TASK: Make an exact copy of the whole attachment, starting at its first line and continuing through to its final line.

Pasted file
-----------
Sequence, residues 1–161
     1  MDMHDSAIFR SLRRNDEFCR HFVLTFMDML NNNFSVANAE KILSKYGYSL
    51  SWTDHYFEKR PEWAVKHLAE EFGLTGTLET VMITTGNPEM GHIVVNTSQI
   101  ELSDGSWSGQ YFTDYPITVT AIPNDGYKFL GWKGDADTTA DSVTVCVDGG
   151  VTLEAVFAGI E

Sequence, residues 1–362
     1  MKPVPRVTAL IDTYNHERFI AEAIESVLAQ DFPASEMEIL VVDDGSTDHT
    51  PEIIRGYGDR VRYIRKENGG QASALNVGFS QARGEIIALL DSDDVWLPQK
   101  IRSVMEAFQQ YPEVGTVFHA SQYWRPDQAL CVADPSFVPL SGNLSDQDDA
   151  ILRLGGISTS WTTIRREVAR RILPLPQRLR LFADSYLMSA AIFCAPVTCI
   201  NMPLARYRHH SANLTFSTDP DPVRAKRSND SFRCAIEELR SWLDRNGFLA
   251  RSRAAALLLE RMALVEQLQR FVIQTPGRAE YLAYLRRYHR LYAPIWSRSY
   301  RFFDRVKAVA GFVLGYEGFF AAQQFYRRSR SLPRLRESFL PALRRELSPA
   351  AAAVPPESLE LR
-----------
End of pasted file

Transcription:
Sequence, residues 1–161
     1  MDMHDSAIFR SLRRNDEFCR HFVLTFMDML NNNFSVANAE KILSKYGYSL
    51  SWTDHYFEKR PEWAVKHLAE EFGLTGTLET VMITTGNPEM GHIVVNTSQI
   101  ELSDGSWSGQ YFTDYPITVT AIPNDGYKFL GWKGDADTTA DSVTVCVDGG
   151  VTLEAVFAGI E

Sequence, residues 1–362
     1  MKPVPRVTAL IDTYNHERFI AEAIESVLAQ DFPASEMEIL VVDDGSTDHT
    51  PEIIRGYGDR VRYIRKENGG QASALNVGFS QARGEIIALL DSDDVWLPQK
   101  IRSVMEAFQQ YPEVGTVFHA SQYWRPDQAL CVADPSFVPL SGNLSDQDDA
   151  ILRLGGISTS WTTIRREVAR RILPLPQRLR LFADSYLMSA AIFCAPVTCI
   201  NMPLARYRHH SANLTFSTDP DPVRAKRSND SFRCAIEELR SWLDRNGFLA
   251  RSRAAALLLE RMALVEQLQR FVIQTPGRAE YLAYLRRYHR LYAPIWSRSY
   301  RFFDRVKAVA GFVLGYEGFF AAQQFYRRSR SLPRLRESFL PALRRELSPA
   351  AAAVPPESLE LR